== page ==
The Russian currency stood at 80.3 against the dollar
Moscow - AFP
Russia's battered ruble on Friday bounced back after a rise in crude prices, recovering ground a day after it slumped to an all-time low against the dollar.
The Russian currency stood at 80.3 against the dollar, up from Thursday's 82.63 ruble to the greenback, as oil prices rose from 12-year lows. The country's RTS dollar-denominated index meanwhile was up 5.30 percent at 0930 GMT.
Earlier this week, the ruble fell to a record low against the dollar, dipping below the 85-ruble mark and standing at 93 against the euro.
Russia -- whose energy-reliant economy has already been pushed into recession by low oil prices and Western sanctions over Ukraine -- has been rocked by the fresh fall in oil prices and officials have come under increasing pressure to react.
In a bid to calm the markets, central bank chief Elvira Nabiullina insisted at a finance ministry meeting Friday that the authorities were "closely following" the situation on and have the tools to ward off instability.
"We have all the means to be proactive and prevent threats to financial stability in advance," Elvira Nabiullina was quoted as saying by the RIA Novosti news agency.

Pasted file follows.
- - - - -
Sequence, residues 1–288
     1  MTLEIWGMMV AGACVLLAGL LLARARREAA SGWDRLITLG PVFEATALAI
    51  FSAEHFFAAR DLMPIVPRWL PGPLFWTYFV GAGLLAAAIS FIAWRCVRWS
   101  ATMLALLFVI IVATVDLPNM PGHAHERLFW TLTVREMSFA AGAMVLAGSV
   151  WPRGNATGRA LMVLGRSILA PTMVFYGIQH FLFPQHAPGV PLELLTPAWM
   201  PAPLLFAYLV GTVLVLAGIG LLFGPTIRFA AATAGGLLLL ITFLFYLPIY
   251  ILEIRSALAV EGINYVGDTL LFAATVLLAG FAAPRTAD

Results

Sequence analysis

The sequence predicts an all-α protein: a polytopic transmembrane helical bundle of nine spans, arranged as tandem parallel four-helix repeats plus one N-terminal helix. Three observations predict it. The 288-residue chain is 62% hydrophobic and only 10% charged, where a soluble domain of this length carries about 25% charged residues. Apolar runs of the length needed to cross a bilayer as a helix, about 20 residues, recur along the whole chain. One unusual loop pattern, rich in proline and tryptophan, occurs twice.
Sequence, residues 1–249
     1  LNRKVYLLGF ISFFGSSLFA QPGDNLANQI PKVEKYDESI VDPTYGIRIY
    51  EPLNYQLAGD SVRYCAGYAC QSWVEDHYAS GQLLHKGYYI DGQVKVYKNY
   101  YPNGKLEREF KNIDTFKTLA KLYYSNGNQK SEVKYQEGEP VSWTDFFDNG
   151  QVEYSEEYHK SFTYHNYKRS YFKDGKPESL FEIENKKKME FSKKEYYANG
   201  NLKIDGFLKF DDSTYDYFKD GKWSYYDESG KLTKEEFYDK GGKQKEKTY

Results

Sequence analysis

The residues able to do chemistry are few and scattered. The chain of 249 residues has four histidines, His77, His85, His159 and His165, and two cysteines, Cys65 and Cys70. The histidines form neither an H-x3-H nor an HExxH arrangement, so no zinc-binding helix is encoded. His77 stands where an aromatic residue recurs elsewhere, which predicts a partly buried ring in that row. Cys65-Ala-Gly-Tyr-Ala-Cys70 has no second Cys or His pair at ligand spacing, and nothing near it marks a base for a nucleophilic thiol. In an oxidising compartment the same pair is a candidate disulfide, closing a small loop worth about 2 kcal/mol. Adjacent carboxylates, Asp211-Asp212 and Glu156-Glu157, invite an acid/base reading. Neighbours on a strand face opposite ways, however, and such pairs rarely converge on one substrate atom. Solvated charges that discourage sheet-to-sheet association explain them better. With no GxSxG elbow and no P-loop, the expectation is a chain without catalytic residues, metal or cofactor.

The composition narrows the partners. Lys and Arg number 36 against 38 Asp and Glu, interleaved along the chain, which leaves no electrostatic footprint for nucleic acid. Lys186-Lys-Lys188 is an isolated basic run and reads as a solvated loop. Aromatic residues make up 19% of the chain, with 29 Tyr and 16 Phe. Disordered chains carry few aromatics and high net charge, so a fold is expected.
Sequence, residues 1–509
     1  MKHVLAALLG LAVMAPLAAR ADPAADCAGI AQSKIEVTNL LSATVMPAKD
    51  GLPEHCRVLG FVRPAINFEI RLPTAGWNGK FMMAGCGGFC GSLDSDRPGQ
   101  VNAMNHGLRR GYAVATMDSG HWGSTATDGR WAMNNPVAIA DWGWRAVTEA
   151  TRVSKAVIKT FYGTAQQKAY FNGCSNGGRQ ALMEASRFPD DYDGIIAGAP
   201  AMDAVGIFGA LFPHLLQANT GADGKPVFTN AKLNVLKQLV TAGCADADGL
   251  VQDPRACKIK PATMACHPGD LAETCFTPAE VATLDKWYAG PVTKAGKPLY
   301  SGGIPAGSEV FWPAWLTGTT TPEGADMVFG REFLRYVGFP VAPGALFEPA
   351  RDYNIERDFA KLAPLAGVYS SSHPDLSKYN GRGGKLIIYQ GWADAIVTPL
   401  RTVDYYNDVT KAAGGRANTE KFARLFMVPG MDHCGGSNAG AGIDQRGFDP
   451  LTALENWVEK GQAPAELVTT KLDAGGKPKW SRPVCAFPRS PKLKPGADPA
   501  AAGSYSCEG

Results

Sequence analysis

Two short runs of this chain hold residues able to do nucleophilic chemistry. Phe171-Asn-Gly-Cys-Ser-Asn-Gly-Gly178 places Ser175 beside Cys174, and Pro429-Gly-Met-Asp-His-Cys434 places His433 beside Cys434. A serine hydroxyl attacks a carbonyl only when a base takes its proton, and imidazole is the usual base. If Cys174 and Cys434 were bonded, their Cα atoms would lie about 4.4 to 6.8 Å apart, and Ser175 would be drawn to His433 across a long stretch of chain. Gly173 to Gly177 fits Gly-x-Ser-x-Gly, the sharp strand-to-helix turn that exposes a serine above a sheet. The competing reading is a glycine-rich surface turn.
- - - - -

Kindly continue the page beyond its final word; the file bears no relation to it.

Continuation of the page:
The slump in the ruble earlier in the week had sparked "nervousness" among officials, Kommersant daily reported, and the central bank on Thursday summoned bank chiefs for an unexpected late-night meeting.
She also cancelled her trip to the Davos economic forum, where she was to speak on Friday.
The government, which is facing an increasingly difficult struggle to keep public discontent in check while trying to balance the books, said Friday it was preparing an anti-crisis plan.
Authorities have already admitted that tumbling oil prices will have to see them slash government spending as they struggle to keep the deficit to under three percent of gross domestic product (GDP).
The plan, according to business daily RBK, would include measures to support the most fragile sectors of the economy and could cost 420 billion rubles ($5.1 billion).